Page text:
These days, solar is one of the most popular words in the green lexicon. You hear it everywhere, with most of the talk focusing on the increasingly large solar power plants that are now being built. New designs have dropped the price of large scale solar electricity generation by over 80% in the last 25 years to a level that is now closing in on standard grid prices. Factoring in government subsidies puts solar over the top and has motivated the current boom in planning and construction. For the first time, solar energy is being taken seriously as a potentially major power source.

But there is another side of solar energy that continues to capture the public’s imagination in ways that large industrial size power plants simply can’t. It’s the grass-roots development of business and home size power generation systems that seem to tap into the average American’s desire for personal energy independence, a freedom from big power and the grid’s tentacle-like hold on the individual. This usually takes the form of two fundamental solar technologies: solar thermal panels used for heating water or air, and solar photovoltaic panels used for the direct on-site generation of electricity.

Solar thermal systems are one of the simplest uses of solar energy, and have been around for a long time. They usually consist of little more than a solar heat collector, consisting of a black colored material designed to heat up by absorbing the suns rays, and a way of transmitting that heat to circulated water or air. Heated water can be used to augment a hot water supply, and heated air can be used to heat a home or building. Hot water systems are most common, and, depending upon where you live, such systems can reduce hot water costs by 50% to 80%, recovering the initial investment within a few years. The use of solar thermal collectors is greatest in Asia, in places like China and India, with Europe a distant second. The U.S. is far down the line, with less than 5% of the collector space of Europe.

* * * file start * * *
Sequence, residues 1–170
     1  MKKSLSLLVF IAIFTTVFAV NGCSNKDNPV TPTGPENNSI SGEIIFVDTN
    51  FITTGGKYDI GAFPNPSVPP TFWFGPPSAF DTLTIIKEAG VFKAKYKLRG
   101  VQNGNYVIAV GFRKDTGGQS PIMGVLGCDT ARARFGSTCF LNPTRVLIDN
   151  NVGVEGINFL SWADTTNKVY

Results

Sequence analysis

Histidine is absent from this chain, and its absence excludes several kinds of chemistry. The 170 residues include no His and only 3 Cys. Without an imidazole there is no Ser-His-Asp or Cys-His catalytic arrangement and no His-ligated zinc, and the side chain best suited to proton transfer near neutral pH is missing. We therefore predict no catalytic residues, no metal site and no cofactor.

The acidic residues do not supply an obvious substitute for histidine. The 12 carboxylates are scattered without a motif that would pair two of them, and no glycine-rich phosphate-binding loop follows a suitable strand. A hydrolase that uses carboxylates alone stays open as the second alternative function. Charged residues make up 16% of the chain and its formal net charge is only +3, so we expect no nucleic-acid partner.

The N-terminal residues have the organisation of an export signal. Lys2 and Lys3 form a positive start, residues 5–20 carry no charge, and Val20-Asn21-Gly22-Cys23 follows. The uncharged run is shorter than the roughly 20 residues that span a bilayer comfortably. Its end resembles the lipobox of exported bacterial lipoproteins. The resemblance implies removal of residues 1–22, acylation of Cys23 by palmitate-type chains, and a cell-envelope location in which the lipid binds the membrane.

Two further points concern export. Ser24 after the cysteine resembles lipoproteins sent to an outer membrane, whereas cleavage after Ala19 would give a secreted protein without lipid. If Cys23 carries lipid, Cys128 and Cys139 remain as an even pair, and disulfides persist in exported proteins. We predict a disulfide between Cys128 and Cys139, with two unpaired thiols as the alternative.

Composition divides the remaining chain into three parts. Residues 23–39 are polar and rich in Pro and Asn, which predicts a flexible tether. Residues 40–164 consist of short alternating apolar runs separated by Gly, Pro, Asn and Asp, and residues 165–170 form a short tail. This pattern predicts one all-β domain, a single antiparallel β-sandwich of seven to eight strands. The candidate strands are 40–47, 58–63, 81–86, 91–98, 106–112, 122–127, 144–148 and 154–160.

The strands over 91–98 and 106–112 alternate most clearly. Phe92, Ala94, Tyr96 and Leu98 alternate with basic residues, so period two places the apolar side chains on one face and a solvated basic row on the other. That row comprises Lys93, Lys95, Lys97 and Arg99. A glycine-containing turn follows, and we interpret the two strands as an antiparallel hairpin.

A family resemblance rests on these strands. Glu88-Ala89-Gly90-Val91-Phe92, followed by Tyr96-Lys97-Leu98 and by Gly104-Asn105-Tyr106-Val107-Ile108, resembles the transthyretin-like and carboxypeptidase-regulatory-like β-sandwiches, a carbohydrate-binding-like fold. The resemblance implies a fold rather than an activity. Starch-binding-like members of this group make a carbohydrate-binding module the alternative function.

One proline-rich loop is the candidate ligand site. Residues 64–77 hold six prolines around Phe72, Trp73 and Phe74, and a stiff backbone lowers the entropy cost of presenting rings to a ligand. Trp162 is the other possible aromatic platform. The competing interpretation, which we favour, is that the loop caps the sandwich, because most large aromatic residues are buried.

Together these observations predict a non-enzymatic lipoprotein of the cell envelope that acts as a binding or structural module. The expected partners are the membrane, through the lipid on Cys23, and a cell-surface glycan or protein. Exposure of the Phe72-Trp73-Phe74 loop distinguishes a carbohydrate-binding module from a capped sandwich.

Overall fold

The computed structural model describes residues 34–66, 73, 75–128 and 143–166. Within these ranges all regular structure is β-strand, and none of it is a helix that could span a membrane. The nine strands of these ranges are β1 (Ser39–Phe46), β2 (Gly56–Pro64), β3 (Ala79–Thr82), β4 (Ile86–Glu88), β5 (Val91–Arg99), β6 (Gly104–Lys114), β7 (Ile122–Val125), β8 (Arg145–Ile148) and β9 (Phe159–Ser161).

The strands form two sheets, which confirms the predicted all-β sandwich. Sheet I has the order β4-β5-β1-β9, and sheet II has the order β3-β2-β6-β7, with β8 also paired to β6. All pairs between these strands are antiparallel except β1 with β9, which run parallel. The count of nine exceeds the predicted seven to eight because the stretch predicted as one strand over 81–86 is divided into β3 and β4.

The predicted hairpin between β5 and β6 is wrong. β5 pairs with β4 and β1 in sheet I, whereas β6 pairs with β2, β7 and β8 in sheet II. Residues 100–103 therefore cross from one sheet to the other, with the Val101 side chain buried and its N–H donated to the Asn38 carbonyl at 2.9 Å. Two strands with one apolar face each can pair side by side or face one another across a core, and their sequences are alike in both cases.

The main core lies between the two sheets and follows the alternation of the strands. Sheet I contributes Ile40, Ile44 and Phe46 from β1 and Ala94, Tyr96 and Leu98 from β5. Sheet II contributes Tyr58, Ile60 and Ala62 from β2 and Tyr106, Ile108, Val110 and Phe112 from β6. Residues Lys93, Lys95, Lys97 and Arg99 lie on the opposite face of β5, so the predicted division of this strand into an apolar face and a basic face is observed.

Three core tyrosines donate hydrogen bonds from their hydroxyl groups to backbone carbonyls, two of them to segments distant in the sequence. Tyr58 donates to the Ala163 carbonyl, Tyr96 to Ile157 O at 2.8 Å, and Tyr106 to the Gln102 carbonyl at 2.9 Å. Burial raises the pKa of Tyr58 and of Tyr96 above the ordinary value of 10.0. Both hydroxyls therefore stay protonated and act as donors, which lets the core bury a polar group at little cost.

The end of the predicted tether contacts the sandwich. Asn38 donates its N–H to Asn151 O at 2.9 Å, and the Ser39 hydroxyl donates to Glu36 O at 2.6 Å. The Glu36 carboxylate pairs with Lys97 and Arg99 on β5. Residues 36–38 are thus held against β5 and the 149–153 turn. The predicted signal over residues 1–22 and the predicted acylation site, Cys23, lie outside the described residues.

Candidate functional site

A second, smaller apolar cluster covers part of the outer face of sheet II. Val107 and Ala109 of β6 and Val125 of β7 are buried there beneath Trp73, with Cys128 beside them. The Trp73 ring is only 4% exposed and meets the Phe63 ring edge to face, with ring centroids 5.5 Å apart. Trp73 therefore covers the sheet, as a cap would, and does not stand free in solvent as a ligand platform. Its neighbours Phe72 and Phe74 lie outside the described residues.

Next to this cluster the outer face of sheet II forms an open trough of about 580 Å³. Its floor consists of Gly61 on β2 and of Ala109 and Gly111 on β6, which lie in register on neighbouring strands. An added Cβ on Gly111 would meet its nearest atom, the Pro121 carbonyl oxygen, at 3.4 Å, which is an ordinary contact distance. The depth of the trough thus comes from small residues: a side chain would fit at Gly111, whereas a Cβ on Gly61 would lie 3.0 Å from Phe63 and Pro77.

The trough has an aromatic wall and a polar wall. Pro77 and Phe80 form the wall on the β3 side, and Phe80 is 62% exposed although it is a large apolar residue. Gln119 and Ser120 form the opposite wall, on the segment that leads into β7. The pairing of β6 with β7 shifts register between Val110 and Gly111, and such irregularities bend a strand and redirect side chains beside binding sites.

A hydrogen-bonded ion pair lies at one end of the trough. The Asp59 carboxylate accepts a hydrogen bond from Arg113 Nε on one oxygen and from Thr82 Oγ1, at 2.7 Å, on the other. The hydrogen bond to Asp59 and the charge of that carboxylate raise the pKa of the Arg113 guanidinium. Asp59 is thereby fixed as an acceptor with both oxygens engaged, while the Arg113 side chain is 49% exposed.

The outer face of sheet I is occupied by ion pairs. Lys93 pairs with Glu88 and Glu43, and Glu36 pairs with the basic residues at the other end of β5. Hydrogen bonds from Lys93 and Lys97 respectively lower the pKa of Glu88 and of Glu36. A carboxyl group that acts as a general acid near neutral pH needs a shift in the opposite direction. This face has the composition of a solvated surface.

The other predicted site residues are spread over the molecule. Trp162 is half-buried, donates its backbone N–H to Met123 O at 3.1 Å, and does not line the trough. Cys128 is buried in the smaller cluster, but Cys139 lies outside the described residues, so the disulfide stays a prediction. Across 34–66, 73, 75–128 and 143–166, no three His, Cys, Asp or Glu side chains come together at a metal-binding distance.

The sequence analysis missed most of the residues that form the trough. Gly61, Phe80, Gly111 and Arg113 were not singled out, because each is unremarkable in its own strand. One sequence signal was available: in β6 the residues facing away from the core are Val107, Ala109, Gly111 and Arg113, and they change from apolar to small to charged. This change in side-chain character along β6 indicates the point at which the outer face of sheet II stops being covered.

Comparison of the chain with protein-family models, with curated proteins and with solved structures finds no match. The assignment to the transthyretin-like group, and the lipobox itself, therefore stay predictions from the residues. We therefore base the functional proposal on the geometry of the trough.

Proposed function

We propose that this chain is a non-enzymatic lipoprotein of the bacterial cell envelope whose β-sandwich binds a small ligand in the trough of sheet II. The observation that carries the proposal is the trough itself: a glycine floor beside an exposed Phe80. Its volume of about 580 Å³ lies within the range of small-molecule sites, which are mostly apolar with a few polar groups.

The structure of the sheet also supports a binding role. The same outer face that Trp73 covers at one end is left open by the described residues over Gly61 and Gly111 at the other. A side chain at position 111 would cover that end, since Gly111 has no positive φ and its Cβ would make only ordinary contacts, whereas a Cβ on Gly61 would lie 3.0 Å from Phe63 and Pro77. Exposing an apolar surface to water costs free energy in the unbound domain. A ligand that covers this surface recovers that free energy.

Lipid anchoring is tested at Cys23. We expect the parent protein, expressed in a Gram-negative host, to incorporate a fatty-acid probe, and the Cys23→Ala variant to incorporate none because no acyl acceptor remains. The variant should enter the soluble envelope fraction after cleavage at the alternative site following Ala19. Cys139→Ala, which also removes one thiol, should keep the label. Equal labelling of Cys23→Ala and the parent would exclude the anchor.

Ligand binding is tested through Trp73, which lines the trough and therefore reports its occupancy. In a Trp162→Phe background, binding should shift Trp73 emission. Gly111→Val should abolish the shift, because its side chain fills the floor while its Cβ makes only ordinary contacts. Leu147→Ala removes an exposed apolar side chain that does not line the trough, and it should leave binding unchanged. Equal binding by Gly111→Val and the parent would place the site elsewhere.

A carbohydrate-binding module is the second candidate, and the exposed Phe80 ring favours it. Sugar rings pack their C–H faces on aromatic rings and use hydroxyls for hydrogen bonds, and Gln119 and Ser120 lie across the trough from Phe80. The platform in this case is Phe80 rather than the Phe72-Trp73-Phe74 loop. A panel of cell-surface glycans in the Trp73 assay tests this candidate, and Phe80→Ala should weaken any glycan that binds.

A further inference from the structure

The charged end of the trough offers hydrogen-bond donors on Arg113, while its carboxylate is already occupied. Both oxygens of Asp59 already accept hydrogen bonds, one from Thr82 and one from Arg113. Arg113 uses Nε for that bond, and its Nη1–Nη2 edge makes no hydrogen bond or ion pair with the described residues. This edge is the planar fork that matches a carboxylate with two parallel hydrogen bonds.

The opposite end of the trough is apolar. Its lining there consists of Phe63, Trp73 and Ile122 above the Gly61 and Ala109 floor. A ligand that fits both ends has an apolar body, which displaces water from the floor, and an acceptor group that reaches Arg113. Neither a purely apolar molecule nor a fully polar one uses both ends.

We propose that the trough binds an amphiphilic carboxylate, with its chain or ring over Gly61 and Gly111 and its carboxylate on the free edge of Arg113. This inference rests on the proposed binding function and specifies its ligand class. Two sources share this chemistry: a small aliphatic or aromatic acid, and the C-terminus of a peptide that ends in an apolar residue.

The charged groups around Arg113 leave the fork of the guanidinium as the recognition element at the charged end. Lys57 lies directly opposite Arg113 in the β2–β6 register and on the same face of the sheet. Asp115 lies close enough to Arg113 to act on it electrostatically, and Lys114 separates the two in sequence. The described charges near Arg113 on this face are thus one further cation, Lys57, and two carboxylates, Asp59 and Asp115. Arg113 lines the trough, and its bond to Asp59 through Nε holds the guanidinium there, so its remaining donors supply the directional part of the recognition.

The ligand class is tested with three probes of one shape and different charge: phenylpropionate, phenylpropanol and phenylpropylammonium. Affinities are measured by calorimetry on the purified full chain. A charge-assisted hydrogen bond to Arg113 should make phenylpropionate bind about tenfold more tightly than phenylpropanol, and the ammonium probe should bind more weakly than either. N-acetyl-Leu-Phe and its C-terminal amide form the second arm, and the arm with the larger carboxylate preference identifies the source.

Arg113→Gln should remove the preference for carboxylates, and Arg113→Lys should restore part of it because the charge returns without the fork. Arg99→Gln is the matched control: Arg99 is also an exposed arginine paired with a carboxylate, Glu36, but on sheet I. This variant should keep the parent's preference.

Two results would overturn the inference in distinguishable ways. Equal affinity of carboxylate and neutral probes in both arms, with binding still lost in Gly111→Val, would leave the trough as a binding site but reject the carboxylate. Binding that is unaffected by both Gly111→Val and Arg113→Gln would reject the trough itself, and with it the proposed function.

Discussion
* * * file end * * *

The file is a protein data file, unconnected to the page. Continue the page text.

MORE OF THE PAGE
Photovoltaics, the conversion of sunlight directly into electrical energy through the use of special materials, is technologically more complex than solar thermal systems, but is currently the world’s fastest growing energy technology, with production doubling every 2 years. The cost of photovoltaic systems has dramatically decreased over the years, and it is now considered likely that the energy costs of photovoltaic systems could roughly match the energy costs of fossil fuel systems within 10 years (and that’s without subsidies.) The leading countries in photovoltaic systems are Germany, Japan, and the U.S.

Below are a few publicly traded stocks directly involved with solar power production, both thermal and photovoltaic.

• Akeena Solar, Inc. (NASDAQ CM: AKNS)
• Ascent Solar (NASDAQ: ASTI)
• DayStar Technologies, Inc. (NASDAQ CM: DSTI)
• Energy Conversion Devices, Inc. (NASDAQ: ENER)
• Evergreen Solar, Inc. (NASDAQ GM: ESLR)
• First Solar, Inc. (NASDAQ GS: FSLR)
• Solar Enertech Corp. (OTCBB: SOEN)
• XSUNX (OTCBB: XSNX)

Solar Energy Initiatives Inc. (OTCBB: SNRY) is one of the best examples of the grass-roots approach to solar, focusing on individual residential and commercial solar projects. SNRY is committed to reducing the world’s dependence on fossil fuels by selling and installing thermal and photovoltaic systems through one of the fastest growing dealer networks in the U.S. Photovoltaic systems can be tied into the overall power grid, allowing surplus electricity to be sold back to the grid, and battery backup can provide power when the system is down. They even offer systems that can be hooked into other energy sources, such as wind or gas-powered generators, providing power at night. Given that the market for such products will only increase as costs continue to decrease, companies like SNRY stand to become big players in what will no doubt be one of the 21st Century’s biggest industries, grass-roots solar power.

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